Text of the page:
A Knight’s Tale (2001)

Posted by on Jan 2, 2012 in All Play and No Work | 0 comments

Knight1

Disclaimer: The language is a bit cheeky at times, as is Chaucer’s wardrobe.

Who’s to say that jousting and sword fighting weren’t considered spectator sports in the 15th century? Maybe both royalty and peasants flocked to their local arena to cheer on their favorite competitors. Maybe workers walked up and down rows selling cat meat or hot wine at the events. Maybe, in the event that someone’s helmet flew off, audience members fought to catch it like a foul ball. And maybe, just maybe, they already knew how to do “The Wave” and pound along with Queen’s We Will Rock You. Such are the delightful claims in A Knight’s Tale, a strange period piece modernized with a sports movie plot and 70s rock soundtrack that also stays loyal to the romantic comedy genre.

William Thatcher (Heath Ledger), Knight2our hero, begins as a mere squire for an over-the-hill champion, who just kicked the bucket minutes before a final tournament match. Not wanting to throw away the prize money, fellow squires Roland (Mark Addy) and Wat (Alan Tudyk) suit William up in the dead man’s armor. “I’ve waited my whole life for this moment,” William says. After they win, they reluctantly decide to try again, despite the risk of getting caught and likely hanged because competitors must be of noble birth. So the dreadlock-wearing and filthy prole begins training and aspires to de-throne a few bourgeoisies. There’s one problem. Some tournaments require William to prove four generations of his lineage. Enter Chaucer (Paul Bettany), a writer who has no clothes because he’s resigned to a life of poverty and trudging, or so he says. When Chaucer first meets the squires, William introduces himself as Sir Ulrich von Lichtenstein of Gelderland. Chaucer, seeing right through their front, responds, “I’m Richard the Lionheart, pleased to meet you.” He does, however, help draft a fake proof of lineage for William in exchange for clothes and food.

As William’s prestige grows after winning tournaments, we get to know a little more about all of the characters involved. Via flashbacks we see William’s father turning the boy over to a knight in hopes of giving him a better life. The awkward Wat and fatherly Roland are faithful friends and cohorts, acting as both coaches and cheerleaders from the sidelines. Chaucer becomes William’s eccentric promoter, belting out limericks and hyperbole before each bout. The other minor character in William’s entourage is Kate (Laura Fraser), a female blacksmith who models his trendy armor, complete with Nike swooshes.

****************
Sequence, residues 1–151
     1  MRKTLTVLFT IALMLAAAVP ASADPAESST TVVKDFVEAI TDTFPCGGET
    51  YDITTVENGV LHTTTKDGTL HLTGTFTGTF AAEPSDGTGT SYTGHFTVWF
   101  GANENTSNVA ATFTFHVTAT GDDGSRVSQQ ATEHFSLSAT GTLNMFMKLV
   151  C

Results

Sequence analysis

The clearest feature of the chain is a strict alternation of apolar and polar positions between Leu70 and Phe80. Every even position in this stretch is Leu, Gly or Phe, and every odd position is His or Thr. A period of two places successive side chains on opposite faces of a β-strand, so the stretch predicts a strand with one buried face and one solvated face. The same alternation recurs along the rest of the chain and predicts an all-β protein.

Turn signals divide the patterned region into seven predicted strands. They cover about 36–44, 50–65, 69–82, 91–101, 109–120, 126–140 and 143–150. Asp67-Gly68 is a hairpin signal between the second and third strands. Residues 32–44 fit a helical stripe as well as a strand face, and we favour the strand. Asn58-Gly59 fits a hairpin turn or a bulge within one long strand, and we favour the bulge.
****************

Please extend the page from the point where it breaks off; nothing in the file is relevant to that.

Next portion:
The love story begins, like so many others, at first sight. William spots Lady Jocelyn (Shannyn Sossamon in her screen debut), and goes to great lengths to woo her. He doesn’t quite have a way with words, however, and mostly confides in Chaucer to draft poetry such as, “Perhaps angels have no names, only beautiful faces.” He has an adversary, in both love and the joust, with Count Adhemar (Rufus Sewell). “Beautiful, isn’t she? A real thoroughbred trophy,” he says to William.

“You speak of her as if she is a target,” William retorts.

“Isn’t she?”

“No,” he says confidently, “she is the arrow.”

Adhemar, a fierce champion with a fist-tipped lance to prove it, has never been unhorsed. William will get two stabs at beating the cocky champion, one of which comes in the “Big Game” sequence at the world championship in London in front of his girl, father, and fellow proles. Of all the wonderful moments in this exciting and fun film, my favorite comes when Adhemar asks William to teach everyone a dance from his country. He, of course, concocts one in the most winning of fashions to David Bowie’s Golden Years. The hilariously out-of-place soundtrack also includes Bachman-Turner Overdrive, AC/DC, and, the most cliché of all sports movie songs, Queen’s We Are the Champions.

It’s worth noting that the first story in Chaucer’s most famous book, The Canterbury Tales, is called “The Knight’s Tale.” And the movie does, I suppose, have certain elements of the story, including the characters Simon the Summoner and Peter, as well as a reference to the love story of Lancelot and Guinevere. The rest of the Brian Helgeland-written and -directed movie, let’s just say, is a very loose adaptation of the text.

Of all the wonderful portrayals in the film,  Ledger’s shines most. Though it’s far from his best, A Knight’s Tale marked the end of his teenage sex symbol roles and signaled what was to come from a fierce, determined, and inspired actor. After his death, reports mentioned him in a list with River Phoenix and James Dean, who likewise died en route to their career’s peak. The comparison is likewise suitable in the fact that all three could have, if their fates changed, butted heads with Marlon Brando to vie for the title of greatest actor in the history of cinema. Each of them brought personal experience to their roles, showing insight, pain, and agony like never before. Don’t make the mistake of labeling them mere actors. Like most great actors, Ledger was among a breed of reactors. Together, Dean and Brando reinvented screen acting for the generations to come. I’d like to think Phoenix and Ledger were about to do the same. But, sadly, we never had the chance to see where they planned to take it.

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